Oral Communication

Recommendations and settings of word prediction software by health-related professionals for people with spinal cord injury: a prospective observational study

Mr Samuel POUPLINa, Dr Nicolas ROCHEa, Prof Djamel BENSMAILa

a CHU Raymond Poincaré

Background: For people with cervical Spinal Cord Injury (SCI), access to computers can be difficult, thus several devices have been developed to facilitate their use. However, text input speed remains very slow compared to users who do not have a disability, even with these devices. Several methods have been developed to increase text input speed, such as Word Prediction Software (WPS). Health-Related Professionals (HRP) often recommend this type of software to people with cervical SCI. WPS can be customized using different settings. It is likely that the settings used will influence the effectiveness of the software on text input speed. However, there is currently a lack of literature regarding professional practices for the setting of WPS as well as the impact for users. The aim of this study is to analyze word prediction software settings used by HRP for people with cervical SCI.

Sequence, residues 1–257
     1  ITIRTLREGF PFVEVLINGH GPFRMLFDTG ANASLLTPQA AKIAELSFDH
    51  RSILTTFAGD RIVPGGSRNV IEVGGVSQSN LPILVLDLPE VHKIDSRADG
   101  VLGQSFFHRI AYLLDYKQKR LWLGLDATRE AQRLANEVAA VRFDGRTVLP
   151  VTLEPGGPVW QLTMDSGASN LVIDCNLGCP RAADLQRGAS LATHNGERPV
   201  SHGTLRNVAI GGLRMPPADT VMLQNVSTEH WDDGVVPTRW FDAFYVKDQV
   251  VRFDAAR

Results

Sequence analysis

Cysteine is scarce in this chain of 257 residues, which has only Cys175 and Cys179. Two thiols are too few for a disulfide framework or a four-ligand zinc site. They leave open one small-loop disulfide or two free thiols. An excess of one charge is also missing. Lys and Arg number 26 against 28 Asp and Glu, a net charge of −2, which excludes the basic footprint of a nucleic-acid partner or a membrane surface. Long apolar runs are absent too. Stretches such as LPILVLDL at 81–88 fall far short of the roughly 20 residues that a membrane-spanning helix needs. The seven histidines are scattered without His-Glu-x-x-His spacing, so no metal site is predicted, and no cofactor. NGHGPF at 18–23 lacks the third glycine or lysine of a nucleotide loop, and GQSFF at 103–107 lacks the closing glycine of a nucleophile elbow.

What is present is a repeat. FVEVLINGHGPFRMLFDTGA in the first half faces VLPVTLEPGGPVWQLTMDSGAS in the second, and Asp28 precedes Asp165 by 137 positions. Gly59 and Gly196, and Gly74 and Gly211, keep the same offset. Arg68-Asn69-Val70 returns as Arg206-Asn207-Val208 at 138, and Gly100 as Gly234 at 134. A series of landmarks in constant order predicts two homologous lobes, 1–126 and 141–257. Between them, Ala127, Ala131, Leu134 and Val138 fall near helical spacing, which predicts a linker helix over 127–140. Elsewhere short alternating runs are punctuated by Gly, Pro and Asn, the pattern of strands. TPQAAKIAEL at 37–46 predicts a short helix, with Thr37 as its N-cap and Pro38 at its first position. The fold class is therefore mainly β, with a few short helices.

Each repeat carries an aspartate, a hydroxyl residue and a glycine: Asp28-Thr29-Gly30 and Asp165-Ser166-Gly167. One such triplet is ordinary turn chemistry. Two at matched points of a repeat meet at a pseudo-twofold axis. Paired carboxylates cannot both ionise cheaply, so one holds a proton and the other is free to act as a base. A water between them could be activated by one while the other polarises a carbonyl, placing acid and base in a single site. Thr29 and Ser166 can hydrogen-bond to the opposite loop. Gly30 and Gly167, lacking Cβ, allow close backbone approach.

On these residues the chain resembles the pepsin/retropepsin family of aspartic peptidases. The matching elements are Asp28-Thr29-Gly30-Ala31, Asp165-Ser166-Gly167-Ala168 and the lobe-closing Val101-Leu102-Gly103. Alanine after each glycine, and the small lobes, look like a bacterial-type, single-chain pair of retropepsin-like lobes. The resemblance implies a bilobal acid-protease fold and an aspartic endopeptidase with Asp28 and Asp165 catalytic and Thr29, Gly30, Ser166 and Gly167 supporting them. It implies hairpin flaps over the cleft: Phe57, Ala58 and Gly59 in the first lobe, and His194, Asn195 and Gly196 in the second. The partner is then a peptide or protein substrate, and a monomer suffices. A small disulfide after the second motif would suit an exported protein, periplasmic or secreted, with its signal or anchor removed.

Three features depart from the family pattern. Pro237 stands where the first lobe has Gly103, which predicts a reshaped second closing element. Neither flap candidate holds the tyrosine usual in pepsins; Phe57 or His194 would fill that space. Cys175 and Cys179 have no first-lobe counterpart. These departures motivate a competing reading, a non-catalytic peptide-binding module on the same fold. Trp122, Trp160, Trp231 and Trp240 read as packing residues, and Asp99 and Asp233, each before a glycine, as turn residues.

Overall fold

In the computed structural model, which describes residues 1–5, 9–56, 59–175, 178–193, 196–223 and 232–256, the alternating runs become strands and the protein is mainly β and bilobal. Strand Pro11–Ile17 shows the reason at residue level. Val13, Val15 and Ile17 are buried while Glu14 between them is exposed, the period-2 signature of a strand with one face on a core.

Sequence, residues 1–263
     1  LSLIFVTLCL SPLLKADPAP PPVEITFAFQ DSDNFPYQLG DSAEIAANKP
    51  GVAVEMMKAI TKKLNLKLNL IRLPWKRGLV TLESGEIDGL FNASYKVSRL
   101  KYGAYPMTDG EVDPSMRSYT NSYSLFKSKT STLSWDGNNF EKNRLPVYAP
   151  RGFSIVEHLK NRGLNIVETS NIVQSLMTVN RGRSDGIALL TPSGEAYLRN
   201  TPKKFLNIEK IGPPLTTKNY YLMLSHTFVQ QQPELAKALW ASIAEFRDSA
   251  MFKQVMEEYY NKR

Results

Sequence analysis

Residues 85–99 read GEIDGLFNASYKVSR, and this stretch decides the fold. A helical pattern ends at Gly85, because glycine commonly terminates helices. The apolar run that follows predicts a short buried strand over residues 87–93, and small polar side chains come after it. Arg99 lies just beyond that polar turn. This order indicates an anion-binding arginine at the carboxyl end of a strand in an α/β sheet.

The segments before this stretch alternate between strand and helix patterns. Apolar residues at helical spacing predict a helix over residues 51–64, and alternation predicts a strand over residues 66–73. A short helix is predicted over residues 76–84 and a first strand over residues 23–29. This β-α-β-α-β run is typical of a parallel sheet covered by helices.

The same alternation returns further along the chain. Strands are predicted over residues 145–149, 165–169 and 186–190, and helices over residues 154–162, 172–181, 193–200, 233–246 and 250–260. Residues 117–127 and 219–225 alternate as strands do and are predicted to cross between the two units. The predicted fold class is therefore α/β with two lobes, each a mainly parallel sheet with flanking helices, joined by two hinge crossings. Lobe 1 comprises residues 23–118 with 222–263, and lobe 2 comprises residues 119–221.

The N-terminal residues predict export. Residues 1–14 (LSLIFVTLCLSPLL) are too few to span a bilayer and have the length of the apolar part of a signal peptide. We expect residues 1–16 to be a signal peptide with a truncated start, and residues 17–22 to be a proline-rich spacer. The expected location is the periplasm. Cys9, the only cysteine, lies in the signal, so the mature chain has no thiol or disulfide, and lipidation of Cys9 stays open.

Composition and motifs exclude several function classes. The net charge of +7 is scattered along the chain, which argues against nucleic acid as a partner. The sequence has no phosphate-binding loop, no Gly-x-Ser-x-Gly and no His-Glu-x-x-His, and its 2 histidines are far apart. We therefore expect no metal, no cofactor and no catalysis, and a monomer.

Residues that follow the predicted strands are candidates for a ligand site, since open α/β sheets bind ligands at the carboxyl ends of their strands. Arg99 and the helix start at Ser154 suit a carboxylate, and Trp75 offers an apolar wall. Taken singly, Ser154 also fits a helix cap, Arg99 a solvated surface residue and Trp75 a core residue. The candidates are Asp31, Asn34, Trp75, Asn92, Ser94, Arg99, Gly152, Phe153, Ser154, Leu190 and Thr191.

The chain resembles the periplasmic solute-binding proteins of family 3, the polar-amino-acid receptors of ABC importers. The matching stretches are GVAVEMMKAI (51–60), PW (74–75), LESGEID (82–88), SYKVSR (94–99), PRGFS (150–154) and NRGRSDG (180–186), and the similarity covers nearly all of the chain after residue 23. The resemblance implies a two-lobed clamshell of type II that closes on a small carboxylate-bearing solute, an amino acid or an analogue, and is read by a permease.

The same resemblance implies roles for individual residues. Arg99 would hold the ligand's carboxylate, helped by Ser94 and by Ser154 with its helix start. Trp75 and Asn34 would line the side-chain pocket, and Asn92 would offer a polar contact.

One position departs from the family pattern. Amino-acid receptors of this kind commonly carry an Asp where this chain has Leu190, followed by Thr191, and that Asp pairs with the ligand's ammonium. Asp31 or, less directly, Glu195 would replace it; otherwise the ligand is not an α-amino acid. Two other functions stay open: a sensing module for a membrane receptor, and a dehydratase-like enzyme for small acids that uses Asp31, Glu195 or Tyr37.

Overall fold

Method: A questionnaire was submitted to HRP who advise tetraplegic people regarding the use of communication devices.

Results:A total of 93 professionals responded to the survey. The most frequently recommended software was Skippy, a commercially available software. HRP rated the importance of the possibility to customise the settings as high. Moreover, they rated some settings as more important than others (p<0.001). However, except for the number of words displayed, each setting was configured by less than 50% of HRP.

Discussion and Conclusion: The results showed that there was a difference between the perception of the importance of some settings and data in the literature regarding the optimization of settings. Moreover, although some parameters were considered as very important, they were rarely specifically configured. Confidence in default settings and lack of information regarding optimal settings seem to be the main reasons for this discordance. This could also explain the disparate results of studies which evaluated the impact of WPS on text input speed in people with cervical SCI.

Keywords : Health-related professionals, cervical spinal cord injury, word prediction software, settings, recommendations.